My idea of a fair fight is clubbing baby seals

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If it was a true Cypres save, it was to late for the jumper to have any effect in the outcome.



It was a true Cypres save, my point was I was scared & I was on the ground not jumping that day. Just seeing it was enough to make me think again about what I would do under a main mal. For that & other reasons deployment height is still 3k. Also reminded me that altitude awareness is very important (not that I needed reminding).


Get out, Land on a green bit. If you get the pull somewhere in between it would help.

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It's an odds game and a skyhook changes the odds, no I wouldn't plan on relying on it but I might chop lower if I knew I had a skyhook.



That's an incredible contradiction you got going there. Sounds to me like you are counting on the skyhook.



Perhaps, poor wording, :( but I could equally say I'd never count on a reserve not entangling a spinning main and be hoist by the same petard. In a bad situation you might find yourself counting on a lot of things you don't want to. I meant I'd never plan on getting in that situation but actually meant it a bit more strongly (i.e. I really wouldn't want to be counting on it) but ultimately I'd rather count on a skyhook than count on a reserve not entangling a main at that kind of altitude.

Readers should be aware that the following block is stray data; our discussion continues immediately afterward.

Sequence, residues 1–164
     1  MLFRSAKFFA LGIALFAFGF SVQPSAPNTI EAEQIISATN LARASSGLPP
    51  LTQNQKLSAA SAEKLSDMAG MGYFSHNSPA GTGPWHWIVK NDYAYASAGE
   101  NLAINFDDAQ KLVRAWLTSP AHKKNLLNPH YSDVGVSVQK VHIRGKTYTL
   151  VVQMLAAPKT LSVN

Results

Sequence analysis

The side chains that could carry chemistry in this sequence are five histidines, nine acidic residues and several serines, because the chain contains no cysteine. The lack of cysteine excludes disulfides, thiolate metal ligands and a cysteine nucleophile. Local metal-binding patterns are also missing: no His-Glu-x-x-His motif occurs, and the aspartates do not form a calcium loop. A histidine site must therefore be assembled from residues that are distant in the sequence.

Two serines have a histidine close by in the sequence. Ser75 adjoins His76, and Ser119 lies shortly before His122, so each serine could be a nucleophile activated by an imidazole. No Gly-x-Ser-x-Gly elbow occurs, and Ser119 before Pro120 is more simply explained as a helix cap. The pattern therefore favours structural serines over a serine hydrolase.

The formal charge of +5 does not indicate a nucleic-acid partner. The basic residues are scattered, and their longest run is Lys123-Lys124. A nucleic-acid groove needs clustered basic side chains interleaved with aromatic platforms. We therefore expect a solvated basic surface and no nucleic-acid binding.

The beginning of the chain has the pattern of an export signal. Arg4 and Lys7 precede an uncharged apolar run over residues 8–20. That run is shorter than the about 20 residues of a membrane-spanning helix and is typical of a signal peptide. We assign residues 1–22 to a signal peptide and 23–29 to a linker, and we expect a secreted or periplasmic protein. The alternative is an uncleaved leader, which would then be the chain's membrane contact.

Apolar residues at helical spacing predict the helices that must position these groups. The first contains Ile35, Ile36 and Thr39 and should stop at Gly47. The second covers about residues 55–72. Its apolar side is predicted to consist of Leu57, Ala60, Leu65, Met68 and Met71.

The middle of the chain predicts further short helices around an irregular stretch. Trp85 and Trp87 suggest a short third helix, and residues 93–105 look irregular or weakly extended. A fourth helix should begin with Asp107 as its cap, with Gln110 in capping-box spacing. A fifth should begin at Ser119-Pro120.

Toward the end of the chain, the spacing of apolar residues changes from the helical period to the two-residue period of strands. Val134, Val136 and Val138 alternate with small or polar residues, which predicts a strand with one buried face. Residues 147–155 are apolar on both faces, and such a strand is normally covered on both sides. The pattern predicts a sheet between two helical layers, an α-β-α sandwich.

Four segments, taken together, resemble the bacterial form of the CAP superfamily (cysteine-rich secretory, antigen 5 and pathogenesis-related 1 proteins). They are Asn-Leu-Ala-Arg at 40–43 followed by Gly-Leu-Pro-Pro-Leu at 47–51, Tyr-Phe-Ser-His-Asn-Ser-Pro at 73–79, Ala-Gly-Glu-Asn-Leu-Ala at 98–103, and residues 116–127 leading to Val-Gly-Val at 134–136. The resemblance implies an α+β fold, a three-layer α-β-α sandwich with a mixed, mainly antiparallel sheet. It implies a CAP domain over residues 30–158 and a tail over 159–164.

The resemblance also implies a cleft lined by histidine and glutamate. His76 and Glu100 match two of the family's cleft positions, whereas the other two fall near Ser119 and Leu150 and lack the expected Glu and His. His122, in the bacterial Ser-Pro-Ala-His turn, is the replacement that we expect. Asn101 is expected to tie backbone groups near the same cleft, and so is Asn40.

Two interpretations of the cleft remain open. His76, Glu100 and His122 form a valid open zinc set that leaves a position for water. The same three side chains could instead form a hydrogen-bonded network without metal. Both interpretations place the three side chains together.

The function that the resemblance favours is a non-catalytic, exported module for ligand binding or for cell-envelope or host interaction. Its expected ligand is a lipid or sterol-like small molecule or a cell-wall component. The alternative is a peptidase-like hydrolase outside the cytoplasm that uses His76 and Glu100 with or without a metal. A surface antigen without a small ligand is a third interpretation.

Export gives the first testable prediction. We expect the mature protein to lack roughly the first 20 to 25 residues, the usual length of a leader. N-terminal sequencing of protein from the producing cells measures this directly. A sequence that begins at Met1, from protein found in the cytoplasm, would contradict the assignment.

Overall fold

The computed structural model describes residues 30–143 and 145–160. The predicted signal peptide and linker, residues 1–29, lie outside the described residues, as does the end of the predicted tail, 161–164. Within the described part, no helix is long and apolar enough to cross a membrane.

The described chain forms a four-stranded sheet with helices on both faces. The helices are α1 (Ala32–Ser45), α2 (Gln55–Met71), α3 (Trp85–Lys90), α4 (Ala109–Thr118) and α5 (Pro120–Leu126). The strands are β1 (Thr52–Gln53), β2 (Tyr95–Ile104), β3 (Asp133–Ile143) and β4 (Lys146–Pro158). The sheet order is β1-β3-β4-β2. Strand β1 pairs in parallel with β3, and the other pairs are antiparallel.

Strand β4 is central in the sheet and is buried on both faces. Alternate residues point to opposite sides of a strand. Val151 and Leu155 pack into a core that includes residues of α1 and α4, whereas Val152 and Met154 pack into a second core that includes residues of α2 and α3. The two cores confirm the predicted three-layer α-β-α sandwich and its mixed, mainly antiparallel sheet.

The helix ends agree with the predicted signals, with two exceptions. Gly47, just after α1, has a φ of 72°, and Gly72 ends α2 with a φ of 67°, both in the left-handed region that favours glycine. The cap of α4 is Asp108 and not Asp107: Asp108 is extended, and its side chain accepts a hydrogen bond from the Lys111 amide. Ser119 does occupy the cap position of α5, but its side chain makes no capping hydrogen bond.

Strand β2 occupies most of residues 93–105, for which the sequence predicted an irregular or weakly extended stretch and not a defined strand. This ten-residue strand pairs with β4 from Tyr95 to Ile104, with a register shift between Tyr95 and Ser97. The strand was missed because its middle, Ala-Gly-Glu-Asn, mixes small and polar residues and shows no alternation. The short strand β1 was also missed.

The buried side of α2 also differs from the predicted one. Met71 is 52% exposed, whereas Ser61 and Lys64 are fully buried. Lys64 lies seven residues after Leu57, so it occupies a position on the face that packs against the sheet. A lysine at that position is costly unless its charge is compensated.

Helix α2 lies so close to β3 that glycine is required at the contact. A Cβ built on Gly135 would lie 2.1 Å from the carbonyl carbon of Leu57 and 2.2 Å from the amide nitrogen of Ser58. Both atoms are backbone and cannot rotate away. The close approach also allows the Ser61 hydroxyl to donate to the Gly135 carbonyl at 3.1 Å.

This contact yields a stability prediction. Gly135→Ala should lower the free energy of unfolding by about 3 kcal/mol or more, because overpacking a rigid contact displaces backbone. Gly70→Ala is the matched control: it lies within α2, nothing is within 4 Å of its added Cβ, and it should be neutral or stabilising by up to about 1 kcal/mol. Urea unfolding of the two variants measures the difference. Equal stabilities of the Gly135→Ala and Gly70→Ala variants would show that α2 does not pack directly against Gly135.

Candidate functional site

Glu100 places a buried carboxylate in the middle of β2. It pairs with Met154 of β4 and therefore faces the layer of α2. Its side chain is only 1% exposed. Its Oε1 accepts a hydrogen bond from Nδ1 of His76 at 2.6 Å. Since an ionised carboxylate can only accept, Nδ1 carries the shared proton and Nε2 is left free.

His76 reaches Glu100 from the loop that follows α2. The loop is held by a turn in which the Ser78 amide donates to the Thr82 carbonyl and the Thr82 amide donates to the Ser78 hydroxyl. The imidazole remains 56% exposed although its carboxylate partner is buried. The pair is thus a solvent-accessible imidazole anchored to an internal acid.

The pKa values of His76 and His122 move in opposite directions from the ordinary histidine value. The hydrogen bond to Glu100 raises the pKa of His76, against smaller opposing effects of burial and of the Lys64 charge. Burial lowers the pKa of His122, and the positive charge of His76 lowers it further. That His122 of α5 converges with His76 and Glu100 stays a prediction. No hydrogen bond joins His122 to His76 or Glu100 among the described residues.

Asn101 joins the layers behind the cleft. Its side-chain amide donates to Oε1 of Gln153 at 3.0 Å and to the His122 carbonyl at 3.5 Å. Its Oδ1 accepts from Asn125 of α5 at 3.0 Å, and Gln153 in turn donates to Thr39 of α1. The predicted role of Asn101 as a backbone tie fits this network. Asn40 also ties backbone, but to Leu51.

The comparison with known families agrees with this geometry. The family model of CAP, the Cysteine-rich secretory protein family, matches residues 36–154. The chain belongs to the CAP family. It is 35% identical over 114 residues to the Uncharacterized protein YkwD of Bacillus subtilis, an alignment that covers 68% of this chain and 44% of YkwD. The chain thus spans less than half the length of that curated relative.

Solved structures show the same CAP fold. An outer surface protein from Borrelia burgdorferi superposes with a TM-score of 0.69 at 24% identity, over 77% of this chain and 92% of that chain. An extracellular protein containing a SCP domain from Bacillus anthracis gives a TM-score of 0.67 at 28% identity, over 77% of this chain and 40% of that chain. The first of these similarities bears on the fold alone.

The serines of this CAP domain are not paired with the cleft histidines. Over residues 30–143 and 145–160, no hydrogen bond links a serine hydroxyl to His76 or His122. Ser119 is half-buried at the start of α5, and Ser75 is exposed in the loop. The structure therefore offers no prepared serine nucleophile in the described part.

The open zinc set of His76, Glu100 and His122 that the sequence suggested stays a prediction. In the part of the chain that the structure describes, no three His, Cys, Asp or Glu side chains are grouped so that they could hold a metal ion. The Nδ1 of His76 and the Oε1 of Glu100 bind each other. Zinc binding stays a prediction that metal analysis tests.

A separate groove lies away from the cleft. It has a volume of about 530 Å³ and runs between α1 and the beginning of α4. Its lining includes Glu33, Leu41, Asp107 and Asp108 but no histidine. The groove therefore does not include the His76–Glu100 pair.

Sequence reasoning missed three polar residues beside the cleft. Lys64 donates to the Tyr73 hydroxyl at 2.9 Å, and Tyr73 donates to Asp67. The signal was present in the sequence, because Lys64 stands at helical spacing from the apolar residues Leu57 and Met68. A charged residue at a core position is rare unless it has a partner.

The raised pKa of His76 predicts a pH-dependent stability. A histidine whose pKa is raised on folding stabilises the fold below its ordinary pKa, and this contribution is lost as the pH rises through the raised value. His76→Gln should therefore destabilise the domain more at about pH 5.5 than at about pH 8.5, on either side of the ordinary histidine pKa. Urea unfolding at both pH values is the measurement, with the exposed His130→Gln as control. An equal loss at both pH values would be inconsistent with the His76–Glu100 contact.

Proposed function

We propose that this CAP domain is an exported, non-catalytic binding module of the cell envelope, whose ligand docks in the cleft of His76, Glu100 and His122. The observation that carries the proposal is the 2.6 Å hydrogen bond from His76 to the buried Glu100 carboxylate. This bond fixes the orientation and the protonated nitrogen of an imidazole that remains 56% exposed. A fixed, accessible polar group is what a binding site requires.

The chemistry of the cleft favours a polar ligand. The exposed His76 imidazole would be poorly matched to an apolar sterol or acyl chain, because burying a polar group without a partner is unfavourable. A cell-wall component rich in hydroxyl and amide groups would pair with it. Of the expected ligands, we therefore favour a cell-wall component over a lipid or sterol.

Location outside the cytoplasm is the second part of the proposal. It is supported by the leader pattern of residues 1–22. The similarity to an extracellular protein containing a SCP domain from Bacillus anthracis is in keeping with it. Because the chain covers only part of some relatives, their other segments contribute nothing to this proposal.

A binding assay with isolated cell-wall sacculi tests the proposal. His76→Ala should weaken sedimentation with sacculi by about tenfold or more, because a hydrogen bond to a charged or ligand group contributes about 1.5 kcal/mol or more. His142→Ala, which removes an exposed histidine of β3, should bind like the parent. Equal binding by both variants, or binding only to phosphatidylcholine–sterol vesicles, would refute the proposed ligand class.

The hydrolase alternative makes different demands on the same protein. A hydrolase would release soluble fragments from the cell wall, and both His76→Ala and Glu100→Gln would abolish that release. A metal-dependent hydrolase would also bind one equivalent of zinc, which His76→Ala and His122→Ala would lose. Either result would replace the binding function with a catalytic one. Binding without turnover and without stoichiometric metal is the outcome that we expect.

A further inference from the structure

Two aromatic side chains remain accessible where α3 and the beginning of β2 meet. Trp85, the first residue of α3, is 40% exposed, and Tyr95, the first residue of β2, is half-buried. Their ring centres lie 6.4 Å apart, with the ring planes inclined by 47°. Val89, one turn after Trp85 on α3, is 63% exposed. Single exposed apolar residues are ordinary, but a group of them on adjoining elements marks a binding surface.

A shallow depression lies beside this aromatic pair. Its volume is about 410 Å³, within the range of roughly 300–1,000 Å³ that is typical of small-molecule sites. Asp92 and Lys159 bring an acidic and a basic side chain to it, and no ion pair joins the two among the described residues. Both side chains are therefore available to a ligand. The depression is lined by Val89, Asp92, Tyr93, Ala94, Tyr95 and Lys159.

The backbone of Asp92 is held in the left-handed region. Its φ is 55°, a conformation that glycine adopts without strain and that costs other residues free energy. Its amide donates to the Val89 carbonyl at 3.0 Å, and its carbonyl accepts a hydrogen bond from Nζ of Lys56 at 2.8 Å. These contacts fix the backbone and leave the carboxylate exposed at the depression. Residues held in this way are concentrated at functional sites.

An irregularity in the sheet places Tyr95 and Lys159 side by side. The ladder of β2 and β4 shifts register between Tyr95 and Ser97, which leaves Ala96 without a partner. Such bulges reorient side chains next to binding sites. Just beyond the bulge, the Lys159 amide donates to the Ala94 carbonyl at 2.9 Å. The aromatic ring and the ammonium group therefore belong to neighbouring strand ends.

I think I made my views clear in the body of the post, if you have an alternate view I'd like to hear it. Bottom line you're in a bad place and faced with two unattractive options. So indulge me, overlook my poor choice of words and tell me which would you choose and would you act exactly the same skyhook or not? It seems to me this is one of those situations where the skyhook excells and one reason I would consider it.

What would you bet on, a skyhook working or a reserve not entangling/giving you enough cloth out to save you? The central issue here is would you act exactly as if you don't have a skyhook because of some doctrine that says it might fail when your only other option probably has a greater chance of failure?

These are very personal decisions I understand, I'm just throwing my thoughts out there because someone said this is the wrong approach and it would be interesting to hear it thrashed out in more detail, by more experienced jumpers.

It does seem that the skyhook introduces a low altitude zone with low speed mals where it actually makes sense to rely on it, unlike previous technologies. I'm not saying you don't pull but you are relying on the greater chance of a fast main assisted reserve deployment that changes the altitude at which you'd only pull a reserve for 2 out with no cutaway.

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So indulge me, overlook my poor choice of words and tell me which would you choose and would you act exactly the same, skyhook or not?



I'll chime in here, if that is okay with you! ;)
I don't jump with a skyhook. Nor do I jump an RSL either. Even if I did (with ANY of the options) I think I would react identically, which is to say I would pull cut-away, then pull silver, in as close to one, fluid, muscle-memory ingrained reactionary motion (or set of motions) as possible. The ONLY difference as to having either a more traditional RSL or a skyhook for that matter would be whether it could be argued if either had "beaten me" to the reserve pull (which in either case.... no matter how fast you think you are, it most assuredly WILL)!